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The root of the ancient Dalriadan-Scottish name Mawhinny is the personal name Coinneach. The Gaelic form of the name is Mac Coinnich or Mac Choinnich, both of which mean son of Coinneach. However, In Adamnan, the Gaelic form of the name is Cainnechus, which is derived from the word cann, meaning fair or bright; thus, the surname is of the 'nickname' variety in this case.

Early Origins of the Mawhinny family


The surname Mawhinny was first found in Ross-shire (Gaelic: Siorrachd Rois) a former county, now part of the Council Areas of Highland and Western Isles in Northern Scotland, which emerged from the Gaelic lordship of the Earl of Ross, where they held a family seat from early times and their first records appeared on the early census rolls taken by the early Kings of Britain to determine the rate of taxation of their subjects.

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Early History of the Mawhinny family

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Early History of the Mawhinny family


This web page shows only a small excerpt of our Mawhinny research.
Another 383 words (27 lines of text) covering the years 1278, 1715, 1771, 1561, 1568, 1594, 1569, 1611, 1651, 1635, 1678, 1636, 1691, 1688, 1662, 1677, 1677, 1688, 1630, 1714 and are included under the topic Early Mawhinny History in all our PDF Extended History products and printed products wherever possible.

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Mawhinny Spelling Variations

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Mawhinny Spelling Variations


The translation of Gaelic names in the Middle Ages was not a task undertaken with great care. Records from that era show an enormous number of spelling variations, even in names referring to the same person. Over the years Mawhinny has appeared as MacKenzie, McKenzie, Kennethson, Kenneth, Kennieson, MacCoinnich (Gaelic), MacWhinnie, MacWhinny, MacWhinney and many more.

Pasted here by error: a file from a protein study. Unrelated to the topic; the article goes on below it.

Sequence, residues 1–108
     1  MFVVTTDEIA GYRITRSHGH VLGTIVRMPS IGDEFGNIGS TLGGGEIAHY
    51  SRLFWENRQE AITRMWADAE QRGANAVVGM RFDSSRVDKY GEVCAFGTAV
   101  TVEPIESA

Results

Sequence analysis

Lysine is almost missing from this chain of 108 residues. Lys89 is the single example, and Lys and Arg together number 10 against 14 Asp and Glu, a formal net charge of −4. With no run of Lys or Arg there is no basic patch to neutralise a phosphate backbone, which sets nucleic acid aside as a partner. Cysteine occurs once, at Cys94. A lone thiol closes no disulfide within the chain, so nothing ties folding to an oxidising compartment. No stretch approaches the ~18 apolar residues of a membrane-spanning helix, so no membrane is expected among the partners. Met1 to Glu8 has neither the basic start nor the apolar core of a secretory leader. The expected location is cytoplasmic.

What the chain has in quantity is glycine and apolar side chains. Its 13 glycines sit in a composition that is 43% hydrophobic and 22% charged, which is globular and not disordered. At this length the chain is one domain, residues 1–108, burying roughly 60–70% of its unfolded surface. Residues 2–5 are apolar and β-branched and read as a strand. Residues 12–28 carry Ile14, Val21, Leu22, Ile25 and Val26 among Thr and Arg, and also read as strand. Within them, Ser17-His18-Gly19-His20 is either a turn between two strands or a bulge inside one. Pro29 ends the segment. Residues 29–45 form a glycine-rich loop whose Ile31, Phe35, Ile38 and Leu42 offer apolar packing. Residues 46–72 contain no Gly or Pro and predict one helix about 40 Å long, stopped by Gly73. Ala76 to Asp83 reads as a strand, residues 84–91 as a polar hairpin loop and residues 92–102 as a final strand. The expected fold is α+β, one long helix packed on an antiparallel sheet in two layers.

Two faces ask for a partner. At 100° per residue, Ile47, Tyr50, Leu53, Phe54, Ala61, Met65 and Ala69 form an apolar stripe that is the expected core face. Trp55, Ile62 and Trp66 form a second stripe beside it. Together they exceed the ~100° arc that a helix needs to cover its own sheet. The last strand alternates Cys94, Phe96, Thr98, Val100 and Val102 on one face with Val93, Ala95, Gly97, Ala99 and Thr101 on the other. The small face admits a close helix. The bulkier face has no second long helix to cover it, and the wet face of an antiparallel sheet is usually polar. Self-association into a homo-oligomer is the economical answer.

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Early Notables of the Mawhinny family (pre 1700)

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Early Notables of the Mawhinny family (pre 1700)


Notable amongst the Clan from early times was John Mackenzie (died c. 1561), or "John of Killin", traditionally reckoned 9th of Kintail, a Highland chief; Kenneth Mackenzie (died 1568), 10th of Kintail and nicknamed Coinneach na Cuirc (or "Kenneth of the Whittle"), a Highland chief; Colin Mackenzie of Kintail (died 1594)...
Another 92 words (7 lines of text) are included under the topic Early Mawhinny Notables in all our PDF Extended History products and printed products wherever possible.

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Migration of the Mawhinny family to Ireland

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Migration of the Mawhinny family to Ireland


Some of the Mawhinny family moved to Ireland, but this topic is not covered in this excerpt.
Another 101 words (7 lines of text) about their life in Ireland is included in all our PDF Extended History products and printed products wherever possible.

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Migration of the Mawhinny family to the New World and Oceana

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Migration of the Mawhinny family to the New World and Oceana


Some of the first settlers of this family name were:

Mawhinny Settlers in Australia in the 19th Century

  • Thomas Mawhinny, aged 35, a plasterer, who arrived in South Australia in 1855 aboard the ship "Rodney" [1]CITATION[CLOSE]
    South Australian Register Wednesday 21st February 1855. (Retrieved 2010, November 5) Rodney 1855. Retrieved http://www.theshipslist.com/ships/australia/rodney1855.shtml

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The Mawhinny Motto

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The Mawhinny Motto


The motto was originally a war cry or slogan. Mottoes first began to be shown with arms in the 14th and 15th centuries, but were not in general use until the 17th century. Thus the oldest coats of arms generally do not include a motto. Mottoes seldom form part of the grant of arms: Under most heraldic authorities, a motto is an optional component of the coat of arms, and can be added to or changed at will; many families have chosen not to display a motto.

Motto: Luceo non uro
Motto Translation: I shine not burn.


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Mawhinny Family Crest Products

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Mawhinny Family Crest Products



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See Also

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See Also



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Citations

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Citations


  1. ^ South Australian Register Wednesday 21st February 1855. (Retrieved 2010, November 5) Rodney 1855. Retrieved http://www.theshipslist.com/ships/australia/rodney1855.shtml

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